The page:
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Robert Wilson, The Master of Experimental Theater

Robert Wilson, The Master of Experimental Theater
By Liam Klenk

Many years ago, when I studied at the University of the Arts in Zurich, Switzerland, I had the privilege to attend a lecture by Robert Wilson. We were only a small group. This enabled us to ask many questions and interact with a man whom we all deeply admired as an exceptional avant-garde director, designer, performer, and writer. Robert Wilson, the master of experimental theater. Wilson took his time when he shared his life story and artistic ideology with us. These were four hours of my life I will never forget.

Robert Wilson was born in Waco, Texas, in 1941.

He studied Business Administration in Texas, then moved to New York in 1963 where he studied architecture and became ever more interested in the visual and performing arts.

Wilson’s productions are highly unique.

He questions all of the presumed essential elements of theater: the spectator, the performer, the writer, the stage, the story. Many of his plays are unusually long, yet highly controlled, minimalist yet incredibly detailed.

“I never studied theater,” he admits. “If I had studied theater, I would not be making the theater I’m making.”

Growing up, Wilson did not have many chances to expose himself to art. The only person who introduced a more artistic side of life to him was a dance instructor. She was a ballet dancer and her teachings were – and remain to this day – an important influence in Wilson’s work.

“Byrd Hoffman was in her Seventies when I first met her. She taught me dance and she understood the body in a remarkable way. She talked to me about the energy in my body. About relaxing. About letting my energy flow through.”

“She was amazing because she never taught a technique. She never gave me a way to approach it. It was more that she helped me to discover my body and dance on my own.”

Whilst teaching expression through dance, Byrd Hoffman also helped the young Robert Wilson with his verbal expression. With her help, he overcame his stutter.

In 1968, Wilson founded an experimental performance company, the Byrd Hoffman School of Byrds, in honor of his teacher.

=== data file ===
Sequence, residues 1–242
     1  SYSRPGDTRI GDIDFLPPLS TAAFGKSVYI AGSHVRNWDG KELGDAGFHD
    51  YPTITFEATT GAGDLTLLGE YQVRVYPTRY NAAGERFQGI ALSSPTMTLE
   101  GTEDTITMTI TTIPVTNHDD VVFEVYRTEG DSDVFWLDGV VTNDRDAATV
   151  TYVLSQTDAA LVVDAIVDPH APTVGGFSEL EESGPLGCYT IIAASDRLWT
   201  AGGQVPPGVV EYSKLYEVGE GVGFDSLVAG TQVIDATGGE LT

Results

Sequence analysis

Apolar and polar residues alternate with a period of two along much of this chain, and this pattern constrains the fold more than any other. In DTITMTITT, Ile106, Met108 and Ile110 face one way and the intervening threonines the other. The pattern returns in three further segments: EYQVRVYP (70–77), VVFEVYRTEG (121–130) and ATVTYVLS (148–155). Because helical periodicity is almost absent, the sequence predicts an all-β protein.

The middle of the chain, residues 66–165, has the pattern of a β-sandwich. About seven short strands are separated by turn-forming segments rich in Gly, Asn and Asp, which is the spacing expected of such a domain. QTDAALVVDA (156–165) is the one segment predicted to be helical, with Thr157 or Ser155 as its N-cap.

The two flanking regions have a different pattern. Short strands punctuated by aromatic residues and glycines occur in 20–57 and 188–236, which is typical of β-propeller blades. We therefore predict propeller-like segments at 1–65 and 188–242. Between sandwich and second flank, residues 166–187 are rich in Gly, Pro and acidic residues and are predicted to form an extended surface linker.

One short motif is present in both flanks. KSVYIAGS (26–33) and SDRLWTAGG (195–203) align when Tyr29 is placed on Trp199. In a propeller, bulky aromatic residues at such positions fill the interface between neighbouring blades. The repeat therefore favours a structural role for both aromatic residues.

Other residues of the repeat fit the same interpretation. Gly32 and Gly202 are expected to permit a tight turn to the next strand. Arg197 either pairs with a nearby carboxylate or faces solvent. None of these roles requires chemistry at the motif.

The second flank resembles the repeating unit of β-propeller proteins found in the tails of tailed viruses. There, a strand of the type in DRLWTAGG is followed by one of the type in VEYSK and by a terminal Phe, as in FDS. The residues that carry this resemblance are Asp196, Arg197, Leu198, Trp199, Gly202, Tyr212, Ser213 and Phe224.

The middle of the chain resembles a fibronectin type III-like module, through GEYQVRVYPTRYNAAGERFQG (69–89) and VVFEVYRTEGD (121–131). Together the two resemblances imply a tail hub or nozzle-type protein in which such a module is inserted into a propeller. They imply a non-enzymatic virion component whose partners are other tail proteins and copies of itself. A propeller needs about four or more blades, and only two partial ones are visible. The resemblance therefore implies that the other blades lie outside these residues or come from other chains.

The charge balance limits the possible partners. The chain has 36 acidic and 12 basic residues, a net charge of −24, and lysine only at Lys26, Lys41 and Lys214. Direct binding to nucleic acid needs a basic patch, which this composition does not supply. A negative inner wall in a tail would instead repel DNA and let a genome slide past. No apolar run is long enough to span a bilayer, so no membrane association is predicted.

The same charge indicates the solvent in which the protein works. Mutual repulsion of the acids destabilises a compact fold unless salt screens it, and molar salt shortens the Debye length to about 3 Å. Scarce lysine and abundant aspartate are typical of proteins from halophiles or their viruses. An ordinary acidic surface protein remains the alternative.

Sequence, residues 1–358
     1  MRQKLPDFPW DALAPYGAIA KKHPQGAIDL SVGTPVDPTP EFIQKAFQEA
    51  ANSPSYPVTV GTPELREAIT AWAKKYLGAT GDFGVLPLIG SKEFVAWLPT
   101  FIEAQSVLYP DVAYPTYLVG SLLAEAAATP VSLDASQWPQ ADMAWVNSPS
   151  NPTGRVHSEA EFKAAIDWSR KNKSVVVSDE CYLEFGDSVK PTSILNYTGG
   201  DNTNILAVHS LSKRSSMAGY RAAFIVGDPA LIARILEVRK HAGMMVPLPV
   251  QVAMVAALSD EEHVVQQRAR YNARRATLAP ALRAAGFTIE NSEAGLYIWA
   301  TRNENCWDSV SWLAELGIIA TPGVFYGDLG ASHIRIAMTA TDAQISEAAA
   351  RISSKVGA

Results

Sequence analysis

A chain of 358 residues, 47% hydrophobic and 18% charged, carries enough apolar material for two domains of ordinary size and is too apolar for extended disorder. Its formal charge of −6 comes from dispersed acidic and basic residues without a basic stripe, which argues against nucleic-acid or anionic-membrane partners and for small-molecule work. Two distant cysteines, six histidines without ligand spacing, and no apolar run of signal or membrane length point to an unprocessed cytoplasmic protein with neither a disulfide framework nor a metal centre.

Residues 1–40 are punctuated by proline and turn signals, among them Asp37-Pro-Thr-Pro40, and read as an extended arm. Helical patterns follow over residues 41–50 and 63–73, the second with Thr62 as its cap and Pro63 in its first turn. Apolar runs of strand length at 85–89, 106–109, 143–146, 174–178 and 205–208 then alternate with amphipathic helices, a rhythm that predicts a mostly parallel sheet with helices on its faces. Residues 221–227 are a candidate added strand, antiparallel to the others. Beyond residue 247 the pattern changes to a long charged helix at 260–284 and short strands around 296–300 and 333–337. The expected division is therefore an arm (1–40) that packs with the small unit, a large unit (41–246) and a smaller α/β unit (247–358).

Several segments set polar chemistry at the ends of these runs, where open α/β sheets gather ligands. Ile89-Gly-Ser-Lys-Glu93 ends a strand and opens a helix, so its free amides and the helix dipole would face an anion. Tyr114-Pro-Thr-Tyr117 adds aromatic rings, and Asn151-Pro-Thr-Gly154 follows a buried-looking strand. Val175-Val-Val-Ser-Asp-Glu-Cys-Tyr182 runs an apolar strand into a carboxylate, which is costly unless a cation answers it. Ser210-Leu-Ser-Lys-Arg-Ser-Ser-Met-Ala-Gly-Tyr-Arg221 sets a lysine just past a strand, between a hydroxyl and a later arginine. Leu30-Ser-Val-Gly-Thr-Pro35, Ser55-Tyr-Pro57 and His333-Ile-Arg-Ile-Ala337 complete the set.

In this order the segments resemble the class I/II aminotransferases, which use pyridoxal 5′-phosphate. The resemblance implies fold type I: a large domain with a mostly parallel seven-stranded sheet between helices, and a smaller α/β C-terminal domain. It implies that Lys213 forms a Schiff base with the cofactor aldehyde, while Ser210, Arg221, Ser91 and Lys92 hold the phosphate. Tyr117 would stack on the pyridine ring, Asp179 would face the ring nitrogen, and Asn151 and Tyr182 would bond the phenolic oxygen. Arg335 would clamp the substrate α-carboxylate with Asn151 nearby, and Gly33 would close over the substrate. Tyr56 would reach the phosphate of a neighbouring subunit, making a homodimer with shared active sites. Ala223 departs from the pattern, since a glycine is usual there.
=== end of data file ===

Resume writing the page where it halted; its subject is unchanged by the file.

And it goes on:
With this company he directed his first major works, beginning in 1969 with The King of Spain and The Life of Sigmund Freud.

He began to work in the opera in the early Seventies, creating Einstein on the Beach with composer Philip Glass and choreographer Lucinda Childs. This work brought all three artists worldwide renown.

Following Einstein, Wilson worked increasingly with major European theaters and opera houses.

For the New York debut of his first opera, the Metropolitan Opera allowed Wilson to rent the house on a Sunday, when they did not have any other productions playing. Yet, they would not produce his work.

However, this did not slow down his ever-growing success. Nor did it ever slow down his intellectual, highly analytical yet at the same time highly creative productions. Robert Wilson continuously questioned his own approach to the performing arts as much as he questioned the traditional approach.

He is known for pushing the boundaries of theater. His works are often noted for their austere style, very slow movement, and often extreme scale in space or time.

I will never forget seeing his eyes sparkle during his lecture, when he described a specific scene to us art students (who were worshipping the ground he walked on). In said scene, one actor would stand completely still. Over the course of four hours only his little finger would slowly move from being extended to re-aligning itself with the other fingers.

The Life and Times of Joseph Stalin was a twelve-hour performance. Other examples of Robert Wilson’s unusually long productions are KA MOUNTain and GUARDenia Terrace. Both were staged on a mountaintop in Iran and lasted seven days.